Pumping can make us human mothers feel a bit like a milking machine. But we all want to do everything we can for our babies-there are ways to make this process a little less, well, bad.
Even if you plan to breastfeed exclusively (commonly referred to as “EBF”), it is helpful to have a breast pump on hand. why? It can help increase your milk supply, especially in the early stages. Breast milk is produced on the basis of supply and demand, so pumping a few minutes after breastfeeding or increasing the pumping time around an hour after the baby is done can increase your supply.
You also need to pump milk so that other caregivers can bottle-feed the baby-especially for those who are fed in the middle of the night. (Mom, you don’t have to do all these things yourself!) If you want to spend a night with your partner or an afternoon with friends, away from your baby, a breast pump allows you to do so freely.
Of course, if you plan to breastfeed after returning to work, you will need a breast pump so you can maintain a sufficient supply, store something in the refrigerator at home, and relieve congestion while you are in the office .
Closed system pump or open system pump?
Once you start buying a pump, you will also start to notice these two terms.
Open pumps: These have no barrier between the milk and the pump mechanism, so milk flows into the bottle through tubes and other small pieces, so it may come into contact with the pump mechanism. Open system pumps are generally cheaper than closed system pumps.
Closed system pump or hospital-grade breast pump: Also known as “overflow protection”, a closed system pump is a pump that is isolated from milk by a barrier. This is the most hygienic type of breast pump because the barrier prevents milk from entering the machine, which makes it difficult to sterilize tubes and small items. They also tend to be more expensive than open system pumps.
Type of breast pump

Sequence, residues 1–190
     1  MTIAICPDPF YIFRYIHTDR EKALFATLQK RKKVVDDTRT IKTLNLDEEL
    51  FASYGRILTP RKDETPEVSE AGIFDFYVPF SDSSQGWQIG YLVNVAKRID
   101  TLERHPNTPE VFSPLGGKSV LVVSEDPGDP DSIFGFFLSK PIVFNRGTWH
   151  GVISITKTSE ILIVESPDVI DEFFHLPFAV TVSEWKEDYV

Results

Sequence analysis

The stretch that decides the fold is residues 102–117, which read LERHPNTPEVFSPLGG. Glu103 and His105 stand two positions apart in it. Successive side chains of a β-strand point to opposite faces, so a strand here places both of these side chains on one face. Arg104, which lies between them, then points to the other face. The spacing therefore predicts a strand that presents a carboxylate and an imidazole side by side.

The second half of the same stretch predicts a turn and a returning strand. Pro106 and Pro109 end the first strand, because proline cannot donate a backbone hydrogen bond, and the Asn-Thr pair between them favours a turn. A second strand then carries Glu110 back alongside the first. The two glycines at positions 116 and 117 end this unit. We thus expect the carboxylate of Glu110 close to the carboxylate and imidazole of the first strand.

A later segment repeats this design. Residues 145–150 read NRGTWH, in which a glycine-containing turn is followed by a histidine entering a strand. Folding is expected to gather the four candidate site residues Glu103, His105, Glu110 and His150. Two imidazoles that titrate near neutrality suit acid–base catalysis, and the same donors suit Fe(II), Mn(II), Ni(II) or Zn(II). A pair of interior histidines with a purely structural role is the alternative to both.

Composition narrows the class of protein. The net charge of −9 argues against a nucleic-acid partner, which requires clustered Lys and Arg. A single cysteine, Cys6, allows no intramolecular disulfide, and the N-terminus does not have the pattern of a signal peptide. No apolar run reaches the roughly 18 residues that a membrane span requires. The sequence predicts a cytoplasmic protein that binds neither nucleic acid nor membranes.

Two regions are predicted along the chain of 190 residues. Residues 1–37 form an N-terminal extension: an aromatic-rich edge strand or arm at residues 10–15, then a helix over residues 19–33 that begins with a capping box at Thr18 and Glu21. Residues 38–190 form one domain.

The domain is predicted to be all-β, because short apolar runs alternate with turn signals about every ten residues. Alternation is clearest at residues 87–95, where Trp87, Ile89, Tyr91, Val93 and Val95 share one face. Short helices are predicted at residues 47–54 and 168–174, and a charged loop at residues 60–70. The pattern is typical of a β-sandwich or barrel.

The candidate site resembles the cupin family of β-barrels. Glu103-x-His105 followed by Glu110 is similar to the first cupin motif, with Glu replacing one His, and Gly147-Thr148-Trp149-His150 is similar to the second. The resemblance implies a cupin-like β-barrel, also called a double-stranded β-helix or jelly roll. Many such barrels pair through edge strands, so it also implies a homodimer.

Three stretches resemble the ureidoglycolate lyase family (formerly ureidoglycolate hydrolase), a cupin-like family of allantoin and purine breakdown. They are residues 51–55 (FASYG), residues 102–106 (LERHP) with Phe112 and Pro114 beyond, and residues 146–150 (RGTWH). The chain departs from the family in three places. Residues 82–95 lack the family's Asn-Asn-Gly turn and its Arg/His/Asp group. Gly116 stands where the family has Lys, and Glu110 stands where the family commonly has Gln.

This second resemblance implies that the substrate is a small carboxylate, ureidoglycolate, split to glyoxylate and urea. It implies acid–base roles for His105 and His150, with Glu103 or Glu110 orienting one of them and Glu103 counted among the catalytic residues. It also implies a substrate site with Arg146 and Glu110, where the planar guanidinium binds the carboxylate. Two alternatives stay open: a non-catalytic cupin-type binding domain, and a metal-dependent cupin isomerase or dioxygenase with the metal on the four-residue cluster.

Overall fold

There are four main types of breast pumps:
Battery-powered breast pumps: These breast pumps are slower and consume battery power quickly. The advantage of battery-powered pumps is that they are portable and helpful when you can’t use an electrical outlet, such as when you commute or travel.
Dual electric breast pumps: These powerful electric breast pumps allow you to pump at the same time, which is important if speed is an issue.
Single electric breast pump: You can only pump one breast at a time, which may take longer. On the plus side, these costs are lower than dual electric pumps.
Manual breast pumps: They are lightweight, portable and inexpensive. Insufficiency? You will do a lot of work by yourself, so you may not get that much milk.
What to look for in a breast pump
When you start shopping, you will want to find a breast pump that meets your specific needs-the one for a mother may not be the right choice for you. When researching the best breast pump, other important factors you may want to consider include:
Weight: If you commute to the office or travel frequently, having a lightweight pump can be helpful.
Hands-free: Some newer models allow you to pump completely hands-free, without any obvious plumbing or wires. Some hands-free pumps can even be worn under your shirt!
Sound: Some pumps are quieter than others. If you are going to pump water around other people, you may want one that is as quiet as possible.
Cost: Although breast pumps are usually covered by insurance, you may want to use a second or upgrade to a better breast pump in the office.
What is the best breast pump?
We get it-all these different terms can be a little overwhelming, there are many breast pumps on the market to choose from. So how do you determine which breast pump is best for your situation?
We turned to experts-moms in the community to expect-and they tested these pumps. Below, you can view our top picks.